President Obama is expected to submit a proposed budget to Congress today that he himself concedes is not an "ideal plan." That lackluster recommendation from the plan's author doesn't exactly inspire confidence.
Of course, there are obvious reasons for the president's marked lack of enthusiasm, as his budget comes up short in just about every respect.
Republicans hate it because it has half a trillion dollars in additional tax increases piled on top of the tax hikes to which they conceded during the so-called "fiscal cliff" negotiations at the end of last year. Democrats hate it because of its minor changes to the inflation calculations determining cost of living increases for the unsustainable entitlement programs that are driving the nation to the brink of insolvency. And, standing in the midst of all the partisan bickering, ordinary Americans are left to study a budget laden with meager measures and empty promises that will do little or nothing to put the nation's fiscal house in order.
It's simple mathematics. News reports claim that under the president's plan, the deficit would be cut by $1.8 trillion. That's an impressive figure only until you realize this reduction is spread over the course of 10 years. Last year's deficit alone was $1.1 trillion, the fourth deficit in a row of more than $1 trillion. With the possibility of close to an additional $10 trillion in new debt being accumulated during that same time frame, a $1.8 trillion reduction is woefully insufficient.
The nation simply cannot keep doing this.
The United States has reached the point where its national debt is now larger than its gross domestic product, and at the current rate of spending, even if Congress were to adopt the president's proposal, the nation is on track to double that in the next 20 years.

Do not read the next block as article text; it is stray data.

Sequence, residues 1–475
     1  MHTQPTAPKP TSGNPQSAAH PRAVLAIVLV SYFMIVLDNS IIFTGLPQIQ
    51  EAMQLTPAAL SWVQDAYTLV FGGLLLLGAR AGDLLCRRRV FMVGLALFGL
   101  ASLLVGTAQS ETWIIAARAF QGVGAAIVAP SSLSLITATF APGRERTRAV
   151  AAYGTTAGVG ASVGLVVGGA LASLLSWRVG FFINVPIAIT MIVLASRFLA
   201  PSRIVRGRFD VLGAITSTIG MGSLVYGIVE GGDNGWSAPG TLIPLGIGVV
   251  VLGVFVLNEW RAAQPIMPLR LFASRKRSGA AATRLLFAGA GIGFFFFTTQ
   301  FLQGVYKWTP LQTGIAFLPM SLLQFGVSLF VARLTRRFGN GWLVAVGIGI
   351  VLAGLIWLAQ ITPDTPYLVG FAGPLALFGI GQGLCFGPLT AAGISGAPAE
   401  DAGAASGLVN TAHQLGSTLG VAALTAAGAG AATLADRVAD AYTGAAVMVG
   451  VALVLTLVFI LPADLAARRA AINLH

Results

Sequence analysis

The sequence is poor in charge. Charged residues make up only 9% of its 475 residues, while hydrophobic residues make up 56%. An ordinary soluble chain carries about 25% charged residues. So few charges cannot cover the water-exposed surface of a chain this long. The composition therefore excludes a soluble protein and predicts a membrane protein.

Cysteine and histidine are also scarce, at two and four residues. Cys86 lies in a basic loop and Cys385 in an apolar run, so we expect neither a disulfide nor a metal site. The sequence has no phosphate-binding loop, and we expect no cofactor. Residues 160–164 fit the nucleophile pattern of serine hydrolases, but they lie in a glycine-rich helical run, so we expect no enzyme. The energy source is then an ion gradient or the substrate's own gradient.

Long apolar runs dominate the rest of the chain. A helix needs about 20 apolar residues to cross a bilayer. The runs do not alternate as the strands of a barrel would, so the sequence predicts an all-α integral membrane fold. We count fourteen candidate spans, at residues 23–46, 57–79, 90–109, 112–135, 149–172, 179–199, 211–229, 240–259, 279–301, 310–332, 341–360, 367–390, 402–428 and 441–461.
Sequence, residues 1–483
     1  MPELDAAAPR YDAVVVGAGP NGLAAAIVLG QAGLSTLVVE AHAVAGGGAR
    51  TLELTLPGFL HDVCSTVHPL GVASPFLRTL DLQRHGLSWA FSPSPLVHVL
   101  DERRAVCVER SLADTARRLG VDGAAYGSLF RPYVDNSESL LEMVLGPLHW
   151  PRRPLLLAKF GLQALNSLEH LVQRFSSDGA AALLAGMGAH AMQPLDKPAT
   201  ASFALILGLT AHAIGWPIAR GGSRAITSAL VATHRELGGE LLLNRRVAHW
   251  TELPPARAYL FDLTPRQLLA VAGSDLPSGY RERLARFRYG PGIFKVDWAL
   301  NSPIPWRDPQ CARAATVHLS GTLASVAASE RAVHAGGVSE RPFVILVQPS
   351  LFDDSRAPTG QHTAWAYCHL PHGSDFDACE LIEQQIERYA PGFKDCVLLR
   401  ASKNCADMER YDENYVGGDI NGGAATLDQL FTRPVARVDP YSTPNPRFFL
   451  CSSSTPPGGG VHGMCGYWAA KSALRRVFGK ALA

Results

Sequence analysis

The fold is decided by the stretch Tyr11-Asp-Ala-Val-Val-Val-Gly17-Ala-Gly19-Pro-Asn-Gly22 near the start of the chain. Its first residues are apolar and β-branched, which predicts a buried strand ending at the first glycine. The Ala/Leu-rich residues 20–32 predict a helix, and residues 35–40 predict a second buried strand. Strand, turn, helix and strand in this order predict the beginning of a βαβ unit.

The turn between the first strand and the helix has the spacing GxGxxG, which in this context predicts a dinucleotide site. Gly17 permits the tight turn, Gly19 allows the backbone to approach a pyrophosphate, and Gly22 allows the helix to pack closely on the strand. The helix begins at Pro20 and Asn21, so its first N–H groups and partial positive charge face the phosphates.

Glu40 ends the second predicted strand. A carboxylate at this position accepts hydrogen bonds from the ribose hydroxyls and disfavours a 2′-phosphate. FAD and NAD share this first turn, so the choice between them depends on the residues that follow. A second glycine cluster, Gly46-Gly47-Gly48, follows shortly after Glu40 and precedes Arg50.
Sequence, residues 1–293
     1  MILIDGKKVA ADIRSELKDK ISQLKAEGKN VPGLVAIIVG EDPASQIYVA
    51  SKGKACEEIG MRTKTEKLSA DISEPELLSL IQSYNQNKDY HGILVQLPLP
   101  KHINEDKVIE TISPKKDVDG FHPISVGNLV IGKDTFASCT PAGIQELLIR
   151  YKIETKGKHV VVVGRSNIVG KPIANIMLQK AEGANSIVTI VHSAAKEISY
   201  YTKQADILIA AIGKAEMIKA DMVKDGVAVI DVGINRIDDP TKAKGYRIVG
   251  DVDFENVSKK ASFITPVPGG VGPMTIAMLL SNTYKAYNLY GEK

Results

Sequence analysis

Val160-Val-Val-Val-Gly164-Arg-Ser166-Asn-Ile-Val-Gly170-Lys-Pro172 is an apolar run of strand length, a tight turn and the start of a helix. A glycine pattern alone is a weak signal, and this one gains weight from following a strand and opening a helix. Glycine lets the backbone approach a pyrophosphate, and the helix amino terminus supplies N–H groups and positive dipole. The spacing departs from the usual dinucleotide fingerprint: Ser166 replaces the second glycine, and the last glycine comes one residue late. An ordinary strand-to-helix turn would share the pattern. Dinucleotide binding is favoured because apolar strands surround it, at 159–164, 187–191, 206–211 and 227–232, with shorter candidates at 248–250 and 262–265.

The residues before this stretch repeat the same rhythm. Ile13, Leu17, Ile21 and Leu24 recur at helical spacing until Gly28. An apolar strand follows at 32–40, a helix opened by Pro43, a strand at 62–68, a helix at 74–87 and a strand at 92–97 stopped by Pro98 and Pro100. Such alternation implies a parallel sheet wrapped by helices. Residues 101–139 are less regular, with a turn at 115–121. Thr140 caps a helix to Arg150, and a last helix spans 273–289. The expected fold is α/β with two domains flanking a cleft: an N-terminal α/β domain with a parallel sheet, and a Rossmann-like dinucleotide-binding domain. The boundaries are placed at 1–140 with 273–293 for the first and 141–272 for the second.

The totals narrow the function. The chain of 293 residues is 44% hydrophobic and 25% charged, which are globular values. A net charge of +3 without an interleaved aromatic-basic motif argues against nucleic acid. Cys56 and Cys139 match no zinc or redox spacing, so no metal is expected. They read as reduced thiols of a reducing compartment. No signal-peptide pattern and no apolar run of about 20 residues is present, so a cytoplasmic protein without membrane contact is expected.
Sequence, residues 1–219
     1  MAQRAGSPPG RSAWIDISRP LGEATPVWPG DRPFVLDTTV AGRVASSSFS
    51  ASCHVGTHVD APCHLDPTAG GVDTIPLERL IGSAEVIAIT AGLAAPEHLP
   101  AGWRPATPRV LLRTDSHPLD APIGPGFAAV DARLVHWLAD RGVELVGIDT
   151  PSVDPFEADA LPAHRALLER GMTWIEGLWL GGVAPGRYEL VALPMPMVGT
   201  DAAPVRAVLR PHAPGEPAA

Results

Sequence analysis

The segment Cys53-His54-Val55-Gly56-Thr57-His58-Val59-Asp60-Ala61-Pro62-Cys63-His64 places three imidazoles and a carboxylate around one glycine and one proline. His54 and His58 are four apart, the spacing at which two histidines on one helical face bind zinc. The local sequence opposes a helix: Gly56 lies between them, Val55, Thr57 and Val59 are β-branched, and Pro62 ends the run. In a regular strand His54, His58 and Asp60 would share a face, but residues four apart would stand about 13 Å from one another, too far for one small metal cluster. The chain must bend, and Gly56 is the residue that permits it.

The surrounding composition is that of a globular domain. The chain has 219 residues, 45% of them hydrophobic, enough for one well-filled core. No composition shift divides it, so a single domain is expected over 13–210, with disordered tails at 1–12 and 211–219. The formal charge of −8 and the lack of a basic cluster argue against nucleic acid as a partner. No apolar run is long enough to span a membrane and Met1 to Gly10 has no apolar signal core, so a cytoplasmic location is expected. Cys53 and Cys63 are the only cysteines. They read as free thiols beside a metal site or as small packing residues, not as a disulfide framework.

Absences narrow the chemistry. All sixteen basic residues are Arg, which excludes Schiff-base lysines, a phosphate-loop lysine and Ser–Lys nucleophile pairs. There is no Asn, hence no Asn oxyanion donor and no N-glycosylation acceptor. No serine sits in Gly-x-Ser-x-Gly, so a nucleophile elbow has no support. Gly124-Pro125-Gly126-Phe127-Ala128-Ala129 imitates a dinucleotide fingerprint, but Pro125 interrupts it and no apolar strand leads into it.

Consider that Greece, which is on the verge of total fiscal collapse, has a current debt-to-GDP ratio of 160 percent, and it has barely remained solvent only because of repeated bailouts from the European Union. When the United States reaches a debt-to-GDP ratio of 200 percent, who will bail it out? How does it dig out of that hole? Shouldn't the United States be doing everything it can to avoid that entirely avoidable disaster?
Instead, political interests are bickering over halfhearted gestures, such as this inadequate budget, that do nothing to solve the underlying problem.
The president's proposed budget, like those he has submitted in recent years, likely isn't going to get much serious attention. We wish someone in Washington had a serious proposal that would garner attention.